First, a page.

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By Anton Chuvakin | November 30, 2012 | 2 Comments

securityDLPDenial of Service

The dirty not-really-a-secret of DLP is that most DLP technology is deployed because of either a compliance requirement (usually an implicit one) or a need to protect regulated data. Note that those, though similar, are NOT the same: the former is often about checking the box, while the latter is about safeguarding specific third party data, entrusted to an organization. Keep in mind that no regulation or mandate today explicitly states, “procure and deploy DLP technology.” PCI DSS, as of version 2.0, almost mandates DLP data discovery functionality by stating that a merchant should “confirm the accuracy of their PCI DSS scope by identifying all locations and flows of cardholder data.”

Here are a few random – and hopefully useful – thoughts related to regulatory use of DLP that were inspired by my recent conversations:

  • Before you safeguard it, consider deleting it! This may not work well for sensitive corporate information, but it sure works for regulated data. As we say in our PCI DSS book (Chapter 7, “Protecting Cardholder Data”), “dropping, deleting, not storing, and otherwise not touching cardholder data is the best single trick to make your PCI DSS compliance process easier.” And then you can “DLP the rest of the way”, if you insist.
  • Data sprawl (discussed in recent GTP research) affects all types of sensitive data. Card numbers, financial data, healthcare records and new product plans all tend to sprawl and leak, hindering protection efforts. Fighting this war seems easier for regulated data than for sensitive business data though! Still, you fight the sprawl – but the  sprawl also fights you, and the information shows up at partner systems, vendor systems, cloud provider systems, etc.  DLP is ultimately a lost war, but you have some choice on how you lose it.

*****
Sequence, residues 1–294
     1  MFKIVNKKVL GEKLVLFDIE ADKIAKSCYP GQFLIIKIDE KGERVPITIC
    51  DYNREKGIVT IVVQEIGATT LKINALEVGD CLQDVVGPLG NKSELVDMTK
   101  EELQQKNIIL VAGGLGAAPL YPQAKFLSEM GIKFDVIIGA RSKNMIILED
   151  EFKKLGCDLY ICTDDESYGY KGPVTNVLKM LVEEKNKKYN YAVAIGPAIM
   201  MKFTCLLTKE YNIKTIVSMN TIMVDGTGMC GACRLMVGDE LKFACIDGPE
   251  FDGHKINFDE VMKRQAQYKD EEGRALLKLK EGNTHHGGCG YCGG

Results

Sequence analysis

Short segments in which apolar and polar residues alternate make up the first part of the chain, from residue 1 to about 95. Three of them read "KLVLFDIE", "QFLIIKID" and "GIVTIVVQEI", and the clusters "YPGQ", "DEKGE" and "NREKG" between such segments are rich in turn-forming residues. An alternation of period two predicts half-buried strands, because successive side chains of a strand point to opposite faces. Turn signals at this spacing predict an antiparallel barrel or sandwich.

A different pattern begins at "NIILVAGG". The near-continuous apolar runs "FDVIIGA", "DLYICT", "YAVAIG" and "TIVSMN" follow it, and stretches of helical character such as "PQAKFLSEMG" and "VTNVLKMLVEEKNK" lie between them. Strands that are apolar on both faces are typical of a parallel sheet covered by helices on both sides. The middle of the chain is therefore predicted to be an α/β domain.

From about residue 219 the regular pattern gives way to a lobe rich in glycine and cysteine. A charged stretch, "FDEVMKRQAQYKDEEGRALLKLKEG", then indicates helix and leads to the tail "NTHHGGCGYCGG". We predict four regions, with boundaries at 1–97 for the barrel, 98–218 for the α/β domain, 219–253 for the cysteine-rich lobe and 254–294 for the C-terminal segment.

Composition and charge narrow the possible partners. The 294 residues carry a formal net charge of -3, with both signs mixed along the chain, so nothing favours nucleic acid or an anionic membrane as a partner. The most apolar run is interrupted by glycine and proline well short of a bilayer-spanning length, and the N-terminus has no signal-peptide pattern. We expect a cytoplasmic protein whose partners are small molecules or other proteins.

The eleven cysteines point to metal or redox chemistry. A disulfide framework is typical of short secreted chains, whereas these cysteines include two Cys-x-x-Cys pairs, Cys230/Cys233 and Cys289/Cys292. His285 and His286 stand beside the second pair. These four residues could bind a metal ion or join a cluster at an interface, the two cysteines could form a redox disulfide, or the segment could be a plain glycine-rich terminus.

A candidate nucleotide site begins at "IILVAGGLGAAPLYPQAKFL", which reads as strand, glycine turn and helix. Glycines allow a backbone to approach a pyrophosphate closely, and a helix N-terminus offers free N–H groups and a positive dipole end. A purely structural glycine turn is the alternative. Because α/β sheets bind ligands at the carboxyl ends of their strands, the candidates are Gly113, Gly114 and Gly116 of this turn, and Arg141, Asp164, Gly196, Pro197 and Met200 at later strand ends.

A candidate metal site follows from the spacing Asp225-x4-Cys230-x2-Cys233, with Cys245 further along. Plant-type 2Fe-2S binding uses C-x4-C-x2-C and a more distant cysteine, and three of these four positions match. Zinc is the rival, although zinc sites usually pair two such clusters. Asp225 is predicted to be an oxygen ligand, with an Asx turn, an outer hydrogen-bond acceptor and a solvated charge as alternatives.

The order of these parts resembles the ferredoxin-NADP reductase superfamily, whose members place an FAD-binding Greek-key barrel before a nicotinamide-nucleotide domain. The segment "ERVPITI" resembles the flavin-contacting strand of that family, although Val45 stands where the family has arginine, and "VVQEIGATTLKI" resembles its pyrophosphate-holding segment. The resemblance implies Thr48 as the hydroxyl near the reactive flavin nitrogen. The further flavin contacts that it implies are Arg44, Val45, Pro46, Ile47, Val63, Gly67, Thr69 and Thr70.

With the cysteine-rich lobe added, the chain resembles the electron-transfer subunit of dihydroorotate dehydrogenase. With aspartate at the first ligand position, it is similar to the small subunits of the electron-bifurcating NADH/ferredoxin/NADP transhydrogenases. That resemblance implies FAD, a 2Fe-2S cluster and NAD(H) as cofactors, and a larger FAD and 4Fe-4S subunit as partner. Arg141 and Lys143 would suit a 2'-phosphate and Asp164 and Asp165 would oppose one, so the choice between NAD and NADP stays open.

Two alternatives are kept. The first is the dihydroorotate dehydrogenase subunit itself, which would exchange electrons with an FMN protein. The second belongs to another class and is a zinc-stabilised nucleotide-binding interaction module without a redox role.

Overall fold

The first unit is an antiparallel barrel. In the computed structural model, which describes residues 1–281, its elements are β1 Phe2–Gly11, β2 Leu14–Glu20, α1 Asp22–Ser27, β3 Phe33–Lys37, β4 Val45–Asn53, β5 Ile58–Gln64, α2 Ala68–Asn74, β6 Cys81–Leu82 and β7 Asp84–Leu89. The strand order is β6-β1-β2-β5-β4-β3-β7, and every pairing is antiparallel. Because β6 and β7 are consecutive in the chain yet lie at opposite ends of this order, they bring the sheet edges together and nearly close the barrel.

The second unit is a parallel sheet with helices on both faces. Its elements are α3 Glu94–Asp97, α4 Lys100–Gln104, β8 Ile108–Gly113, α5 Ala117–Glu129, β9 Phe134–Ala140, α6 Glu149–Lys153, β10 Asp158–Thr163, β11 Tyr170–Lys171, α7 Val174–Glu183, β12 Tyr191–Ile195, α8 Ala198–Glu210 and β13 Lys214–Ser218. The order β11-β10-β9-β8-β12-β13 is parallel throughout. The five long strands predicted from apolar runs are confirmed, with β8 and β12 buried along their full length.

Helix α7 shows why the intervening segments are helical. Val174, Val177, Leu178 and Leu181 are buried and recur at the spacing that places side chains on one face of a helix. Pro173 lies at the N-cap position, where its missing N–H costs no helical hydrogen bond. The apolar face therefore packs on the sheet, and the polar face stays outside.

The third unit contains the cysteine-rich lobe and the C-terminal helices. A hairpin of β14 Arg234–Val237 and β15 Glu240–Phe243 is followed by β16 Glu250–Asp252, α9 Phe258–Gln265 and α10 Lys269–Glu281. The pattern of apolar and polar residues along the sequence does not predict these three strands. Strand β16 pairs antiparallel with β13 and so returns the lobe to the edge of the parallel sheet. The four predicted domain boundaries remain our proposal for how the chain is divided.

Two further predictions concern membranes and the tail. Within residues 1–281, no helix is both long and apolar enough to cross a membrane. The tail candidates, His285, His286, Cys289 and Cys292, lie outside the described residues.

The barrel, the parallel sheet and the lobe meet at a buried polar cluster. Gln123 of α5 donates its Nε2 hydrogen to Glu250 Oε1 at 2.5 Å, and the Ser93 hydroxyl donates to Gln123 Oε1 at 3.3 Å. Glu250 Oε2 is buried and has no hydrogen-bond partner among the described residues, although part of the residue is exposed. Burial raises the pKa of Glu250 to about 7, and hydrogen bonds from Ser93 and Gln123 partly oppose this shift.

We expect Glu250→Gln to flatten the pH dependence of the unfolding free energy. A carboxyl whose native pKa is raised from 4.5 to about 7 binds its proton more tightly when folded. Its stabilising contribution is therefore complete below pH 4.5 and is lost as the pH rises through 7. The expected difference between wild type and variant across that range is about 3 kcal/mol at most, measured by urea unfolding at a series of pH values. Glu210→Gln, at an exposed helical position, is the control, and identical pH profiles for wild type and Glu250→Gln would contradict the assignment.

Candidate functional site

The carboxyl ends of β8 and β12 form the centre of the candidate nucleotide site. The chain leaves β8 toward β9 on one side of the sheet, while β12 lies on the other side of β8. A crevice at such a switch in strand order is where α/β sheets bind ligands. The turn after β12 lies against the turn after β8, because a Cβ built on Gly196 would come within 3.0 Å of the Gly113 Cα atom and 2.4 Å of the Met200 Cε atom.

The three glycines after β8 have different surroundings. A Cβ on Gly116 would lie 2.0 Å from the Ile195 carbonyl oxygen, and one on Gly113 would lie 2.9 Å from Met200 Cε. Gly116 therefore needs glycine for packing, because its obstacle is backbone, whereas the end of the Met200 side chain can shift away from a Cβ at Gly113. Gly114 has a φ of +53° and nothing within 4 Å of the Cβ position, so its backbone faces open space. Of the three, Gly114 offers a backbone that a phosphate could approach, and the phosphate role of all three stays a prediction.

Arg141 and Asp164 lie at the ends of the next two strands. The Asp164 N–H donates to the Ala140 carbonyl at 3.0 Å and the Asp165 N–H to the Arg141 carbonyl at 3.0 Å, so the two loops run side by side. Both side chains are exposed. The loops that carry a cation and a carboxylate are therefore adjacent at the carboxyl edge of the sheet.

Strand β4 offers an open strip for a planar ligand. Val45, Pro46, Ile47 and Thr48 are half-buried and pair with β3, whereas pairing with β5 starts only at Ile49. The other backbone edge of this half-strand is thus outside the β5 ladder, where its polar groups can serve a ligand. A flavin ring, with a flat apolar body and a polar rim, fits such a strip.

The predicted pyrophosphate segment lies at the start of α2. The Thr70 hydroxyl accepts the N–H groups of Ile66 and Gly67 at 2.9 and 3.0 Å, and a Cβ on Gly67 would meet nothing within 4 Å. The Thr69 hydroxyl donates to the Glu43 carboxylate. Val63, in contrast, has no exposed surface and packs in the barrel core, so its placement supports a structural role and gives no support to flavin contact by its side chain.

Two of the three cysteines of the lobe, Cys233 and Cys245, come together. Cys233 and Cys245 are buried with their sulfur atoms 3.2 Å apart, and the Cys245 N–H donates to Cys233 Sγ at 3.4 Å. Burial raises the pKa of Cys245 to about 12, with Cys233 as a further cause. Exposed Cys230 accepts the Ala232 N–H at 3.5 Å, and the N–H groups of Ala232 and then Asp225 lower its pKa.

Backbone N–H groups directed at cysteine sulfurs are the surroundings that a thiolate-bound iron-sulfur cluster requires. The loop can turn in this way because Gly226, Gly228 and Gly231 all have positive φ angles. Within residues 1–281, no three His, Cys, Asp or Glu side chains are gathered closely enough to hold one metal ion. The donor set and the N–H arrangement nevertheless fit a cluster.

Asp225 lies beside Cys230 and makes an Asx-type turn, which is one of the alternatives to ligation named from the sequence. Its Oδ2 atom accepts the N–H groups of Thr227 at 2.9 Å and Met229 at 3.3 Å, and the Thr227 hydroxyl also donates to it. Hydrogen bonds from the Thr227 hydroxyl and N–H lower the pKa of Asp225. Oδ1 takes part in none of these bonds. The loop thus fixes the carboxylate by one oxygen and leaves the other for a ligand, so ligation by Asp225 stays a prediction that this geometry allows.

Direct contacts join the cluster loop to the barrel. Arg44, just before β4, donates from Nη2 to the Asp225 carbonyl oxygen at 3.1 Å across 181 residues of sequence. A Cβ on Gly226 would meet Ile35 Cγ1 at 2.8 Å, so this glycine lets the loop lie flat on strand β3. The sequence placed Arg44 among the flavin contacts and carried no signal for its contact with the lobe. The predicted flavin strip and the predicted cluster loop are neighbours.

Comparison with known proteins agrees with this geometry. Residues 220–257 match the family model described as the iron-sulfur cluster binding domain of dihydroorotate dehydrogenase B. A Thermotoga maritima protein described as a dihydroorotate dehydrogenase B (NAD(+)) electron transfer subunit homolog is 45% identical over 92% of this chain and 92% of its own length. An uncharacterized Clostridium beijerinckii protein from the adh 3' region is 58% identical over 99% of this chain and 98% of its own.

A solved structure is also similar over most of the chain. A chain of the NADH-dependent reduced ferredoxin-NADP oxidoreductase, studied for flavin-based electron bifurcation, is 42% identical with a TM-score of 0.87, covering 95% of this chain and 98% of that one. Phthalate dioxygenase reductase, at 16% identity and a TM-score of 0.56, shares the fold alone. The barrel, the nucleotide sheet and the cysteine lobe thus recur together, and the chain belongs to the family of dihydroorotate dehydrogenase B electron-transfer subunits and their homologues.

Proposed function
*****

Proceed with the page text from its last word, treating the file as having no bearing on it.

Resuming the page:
• Thus, compliance DLP projects are typically easier than IP protection projects.  This has a few implications, such as “if your organization is having trouble with a compliance-focused DLP implementation project, it is very likely not ready for an IP secrets-focused project.” A security team should learn from the former, before starting the latter.
  • Broken and risky business processes lead (led?) to such blatant PCI DSS compliance failures as “PANs on public web servers”, “emailed SSN lists”, etc. My informal poll of QSAs indicates that even the most crazy ones are not yet gone (even if rare). A DLP tool can sometimes work well to plug such blatantly obvious broken processes at lower cost than actually fixing the process.

Regarding the actual use for DLP for PCI DSS,  a use of DLP boxes as compensating controls  is common as well (warning: evidence of QSA actually accepting it was not available in all cases, so use this advice at your own risk). For example:

  • Stored data encryption (Requirement 3.4 “Render PAN, at minimum, unreadable anywhere it is stored”): DLP was used to compensate for the lack of STORED data encryption. The thinking was that if the data cannot leave the storage (…via the network), DLP was satisfying the same intent as encryption in the original requirement.  Would I agree that “it goes above and beyond” the original? Good question 🙂
  • Access control (Requirement 7.1 “Limit access to system components and cardholder data to only those individuals whose job requires such access.”): DLP was used to reduce the chance of PANs falling into the wrong hands and thus satisfying the spirit of this requirement.
  • Monitoring access to data (Requirement 10.2 “Implement automated audit trails for all system components to reconstruct the following events:  […] All individual accesses to cardholder data”): while logging is a common choice here, DLP was used to make sure that all network access to cardholder data is recorded. The reason for choosing DLP over logging was because the company didn’t know how to configure logging, but knew how to buy a DLP box 🙂

Finally, I see the fact that PCI-motivated use of DLP tools is growing as something positive. To me, it says that people are following the spirit of PCI DSS and not simply its letter (of course, one can also say that they are reaching for a DLP box as an easy way out). Indeed, despite everything that was said above, deleting cardholder data is still a better way to make sure it does not get stolen or “lost”…

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  • Clay Keller says:

    One difference between your standard “vulnerability management” remediation efforts, and DLP finding remediation efforts, is that DLP findings are often owned by direct end users on end user systems. So instead of working with an application development or database team, you are often working with a non-technical end user.

    This different ownership structure can be a new challenge depending on the size of your organization. Those end users may not have any management direction or support to help resolve your issues, and may view you as just another IT person trying to make their job harder.

  • You hit upon one of the (of not THE) differences between DLP and other security tools, as I’ve discovered so far.

    BU people own the information and are unlikely to “be nice” to “meddling IT security types.” Some of the analysts here even go as far as to say “if business unit mgt is not on your side, drop the DLP project”…..